On December 8th 1794, the second of two great fires in New Orleans history occurred, starting on Royal Street in the French Quarter. This fire was not as damaging as the first great fire which took place in 1788, and burned down 80% of the city, but was still a major setback in rebuilding the city. In 3 short hours, 212 buildings were destroyed, leaving many people homeless.
The Spanish government offered the homeless citizens loans to rebuild, but there was a catch – in order to receive these loans, new construction had to follow certain guidelines required by the government which included newly developed fire codes. New building procedures included the use of nonflammable materials for any building over one story tall (as stone was not available, this led to widespread use of bricks and plaster, capped with tile roofs), and the buildings had to be attached to each other and bumped up against the sidewalk to create a firewall. It was at this point that wooden cottages surrounded by gardens were instead turned into much of what is seen in the French Quarter today.
There are a few buildings in town that were built before the fire codes were enacted. The oldest building in town (and the Mississippi River Delta for that matter) is the Ursuline Convent, built in 1752. This building is the second Ursuline Convent as the first one was constructed with wood and rapidly deteriorated due to the damp Louisiana climate. The current convent was built using bricks covered with stucco and was designed in the Louis XV style, a French variation of the more elaborate Italian Baroque. The simple façade contains many arched windows and the front door is surrounded by an arched portico. The building’s beauty lies in its simplicity, which reflects the nuns who lived and worked here.
The second oldest building is Lafitte’s Blacksmith Shop, located at 941 Bourbon Street. Main characteristics of this building include briquete-entre-poteaux construction (which means bricks were laid between upright and diagonal posts which can be seen peeking through holes in the stucco), and a steep pitched slate roof pierced with dormers. The bar’s website claims that the building was built between 1722-1732, but research done by Samuel Wilson Jr. for the Library of Congress HABS (Historic American Buildings Survey) project claims that perhaps the building was built by Pierre Revil in 1761.
The Gabriel Peyroux House is located at 901 Burgundy Street. This building had originally been built on Bayou Road before it was purchased in 1777 by Gabriel Peyroux. In 1780 Maurice Milon was commissioned by Peyroux to take the home apart and rebuild it in the city. This building has all the features of French Colonial architecture: brick between post construction, a hipped roof that overhangs to create shelter from rain or sun (also referred to as an abat vent), and many French doors.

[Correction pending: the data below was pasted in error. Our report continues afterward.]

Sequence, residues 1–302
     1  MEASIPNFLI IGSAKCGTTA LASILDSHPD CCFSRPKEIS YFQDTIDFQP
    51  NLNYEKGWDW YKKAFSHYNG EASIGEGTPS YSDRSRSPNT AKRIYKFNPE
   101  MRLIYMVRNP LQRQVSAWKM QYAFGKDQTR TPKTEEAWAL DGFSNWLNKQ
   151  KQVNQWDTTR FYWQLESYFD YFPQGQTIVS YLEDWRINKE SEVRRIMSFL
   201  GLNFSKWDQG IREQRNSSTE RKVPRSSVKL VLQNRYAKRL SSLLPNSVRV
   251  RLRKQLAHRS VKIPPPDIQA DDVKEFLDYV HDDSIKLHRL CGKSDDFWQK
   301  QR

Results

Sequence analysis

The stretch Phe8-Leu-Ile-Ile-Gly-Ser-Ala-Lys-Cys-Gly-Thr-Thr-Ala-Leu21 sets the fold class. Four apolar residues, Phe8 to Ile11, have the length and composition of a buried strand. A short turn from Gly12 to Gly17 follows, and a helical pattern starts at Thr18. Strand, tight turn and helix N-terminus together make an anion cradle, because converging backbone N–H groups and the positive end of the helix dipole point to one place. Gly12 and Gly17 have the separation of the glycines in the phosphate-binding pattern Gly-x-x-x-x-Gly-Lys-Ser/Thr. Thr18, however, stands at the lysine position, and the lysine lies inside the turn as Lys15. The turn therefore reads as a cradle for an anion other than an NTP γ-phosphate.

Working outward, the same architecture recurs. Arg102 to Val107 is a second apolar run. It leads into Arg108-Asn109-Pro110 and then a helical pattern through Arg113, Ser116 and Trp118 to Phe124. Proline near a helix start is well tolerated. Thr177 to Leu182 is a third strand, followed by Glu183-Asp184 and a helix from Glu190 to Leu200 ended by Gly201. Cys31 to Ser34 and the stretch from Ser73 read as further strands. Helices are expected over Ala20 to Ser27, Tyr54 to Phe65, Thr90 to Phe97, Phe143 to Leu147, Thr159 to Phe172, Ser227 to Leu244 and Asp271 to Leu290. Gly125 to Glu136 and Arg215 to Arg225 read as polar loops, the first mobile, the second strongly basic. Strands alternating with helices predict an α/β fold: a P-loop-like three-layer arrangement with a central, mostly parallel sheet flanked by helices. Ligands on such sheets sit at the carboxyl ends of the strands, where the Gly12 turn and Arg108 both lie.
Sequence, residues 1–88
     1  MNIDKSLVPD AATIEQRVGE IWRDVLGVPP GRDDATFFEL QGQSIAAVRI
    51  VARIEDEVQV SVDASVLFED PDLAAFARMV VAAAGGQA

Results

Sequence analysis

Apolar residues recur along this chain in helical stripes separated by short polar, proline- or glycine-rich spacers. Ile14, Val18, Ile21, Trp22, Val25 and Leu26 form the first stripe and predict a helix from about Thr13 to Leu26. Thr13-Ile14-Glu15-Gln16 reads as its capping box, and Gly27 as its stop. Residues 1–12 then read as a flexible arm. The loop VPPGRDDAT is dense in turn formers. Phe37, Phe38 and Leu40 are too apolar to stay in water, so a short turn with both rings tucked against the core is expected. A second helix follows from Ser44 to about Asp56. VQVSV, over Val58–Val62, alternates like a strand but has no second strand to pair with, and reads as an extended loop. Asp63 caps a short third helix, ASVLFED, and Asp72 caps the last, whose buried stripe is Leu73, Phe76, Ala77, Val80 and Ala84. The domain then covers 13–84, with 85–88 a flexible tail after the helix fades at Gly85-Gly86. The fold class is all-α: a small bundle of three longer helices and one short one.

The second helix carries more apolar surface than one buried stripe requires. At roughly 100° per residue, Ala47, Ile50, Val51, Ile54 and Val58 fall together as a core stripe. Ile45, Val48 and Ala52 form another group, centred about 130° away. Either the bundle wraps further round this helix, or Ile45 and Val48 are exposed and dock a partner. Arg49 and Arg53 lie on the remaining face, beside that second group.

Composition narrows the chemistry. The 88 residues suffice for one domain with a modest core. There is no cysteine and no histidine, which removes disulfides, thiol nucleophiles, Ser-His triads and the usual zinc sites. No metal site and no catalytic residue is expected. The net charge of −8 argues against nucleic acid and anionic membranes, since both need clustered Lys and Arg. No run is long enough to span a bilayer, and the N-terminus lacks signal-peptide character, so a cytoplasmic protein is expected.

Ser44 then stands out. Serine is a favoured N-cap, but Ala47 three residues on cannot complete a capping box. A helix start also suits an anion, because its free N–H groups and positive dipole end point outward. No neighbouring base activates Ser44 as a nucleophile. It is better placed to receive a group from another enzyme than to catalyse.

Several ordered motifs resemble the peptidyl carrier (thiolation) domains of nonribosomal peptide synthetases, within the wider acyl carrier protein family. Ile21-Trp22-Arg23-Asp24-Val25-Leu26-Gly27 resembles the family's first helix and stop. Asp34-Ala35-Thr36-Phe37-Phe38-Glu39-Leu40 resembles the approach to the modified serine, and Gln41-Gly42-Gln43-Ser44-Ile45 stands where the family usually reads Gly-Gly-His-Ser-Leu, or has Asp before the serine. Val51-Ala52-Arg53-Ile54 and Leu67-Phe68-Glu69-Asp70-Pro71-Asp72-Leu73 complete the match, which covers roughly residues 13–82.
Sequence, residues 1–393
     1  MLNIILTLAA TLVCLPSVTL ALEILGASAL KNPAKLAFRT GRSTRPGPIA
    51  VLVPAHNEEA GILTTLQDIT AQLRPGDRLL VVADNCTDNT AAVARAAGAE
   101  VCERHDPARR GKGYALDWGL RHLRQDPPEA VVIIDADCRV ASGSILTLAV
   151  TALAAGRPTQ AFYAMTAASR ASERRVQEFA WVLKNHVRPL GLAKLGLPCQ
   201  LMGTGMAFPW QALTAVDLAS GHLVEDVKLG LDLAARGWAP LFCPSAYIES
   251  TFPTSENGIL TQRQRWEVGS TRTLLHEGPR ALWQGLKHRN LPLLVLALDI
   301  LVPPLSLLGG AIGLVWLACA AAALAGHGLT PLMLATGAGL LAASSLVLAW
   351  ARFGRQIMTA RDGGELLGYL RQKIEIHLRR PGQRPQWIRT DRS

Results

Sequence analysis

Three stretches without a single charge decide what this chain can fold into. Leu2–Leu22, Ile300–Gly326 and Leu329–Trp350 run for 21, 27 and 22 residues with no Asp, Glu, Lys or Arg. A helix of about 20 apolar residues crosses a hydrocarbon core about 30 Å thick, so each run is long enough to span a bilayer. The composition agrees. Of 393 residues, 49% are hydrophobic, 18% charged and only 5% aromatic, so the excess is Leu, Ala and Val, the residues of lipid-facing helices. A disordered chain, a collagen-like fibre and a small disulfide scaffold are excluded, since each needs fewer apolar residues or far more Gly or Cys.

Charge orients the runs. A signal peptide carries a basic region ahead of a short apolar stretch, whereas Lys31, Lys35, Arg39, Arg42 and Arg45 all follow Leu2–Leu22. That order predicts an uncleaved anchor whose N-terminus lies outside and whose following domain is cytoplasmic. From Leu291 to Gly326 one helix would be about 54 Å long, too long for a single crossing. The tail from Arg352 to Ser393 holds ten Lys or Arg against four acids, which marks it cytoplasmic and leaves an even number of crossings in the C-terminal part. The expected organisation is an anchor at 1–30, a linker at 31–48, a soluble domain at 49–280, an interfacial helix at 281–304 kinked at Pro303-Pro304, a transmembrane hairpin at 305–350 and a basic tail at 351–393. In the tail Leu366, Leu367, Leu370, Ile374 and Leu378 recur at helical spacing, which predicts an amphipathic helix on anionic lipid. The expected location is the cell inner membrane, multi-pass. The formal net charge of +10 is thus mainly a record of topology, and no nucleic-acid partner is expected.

Madame John’s Legacy is located at 632 Dumaine Street, and while sources conflict about the amount of damage the building sustained in the first fire, all agree that the second fire did not damage this structure so it does not adhere to the new fire code. The most glaring evidence of this is the use of exposed wood on the upper level, and the fact that it is detached from the adjacent houses. This house has a masonry raised basement which contains a stair well and supports the main living space that is made up of brick between posts covered with wooden clapboards. The roof is called a hipped double pitched roof because all four sides of the roof slope toward the ground – like a pyramid. There are no gables. It is double pitched because it has two levels of steepness to accommodate the gallery that protrudes from the front façade. The gallery is held up by cypress colonnettes and decorated with a plain wooden balustrade. All openings are arch shaped and the vertical board shutters have strap hinges. Curiously, the doors and windows on the main level are not symmetrical.
While the first fire in 1788 burned down many more buildings, it is the second fire that promoted the most substantial change in the French Quarter. In his book Fabulous New Orleans, Lyle Saxon described the new city that emerged after the fires:
The city that fell before the flames was a congested French community of wooden houses, badly arranged and irregular. A stately Spanish city rose in its stead […]. The City which rose from its ashes was of brick and plaster, with arches of heavy masonry and roofs of tile. There were barred windows and long, dark corridors. Large fan-shaped windows looked down into courtyards which held banana trees, oleanders, and parterres of flowers. Houses were built flush with the sidewalks; and balconies railed with delicate wrought iron, overhung the streets.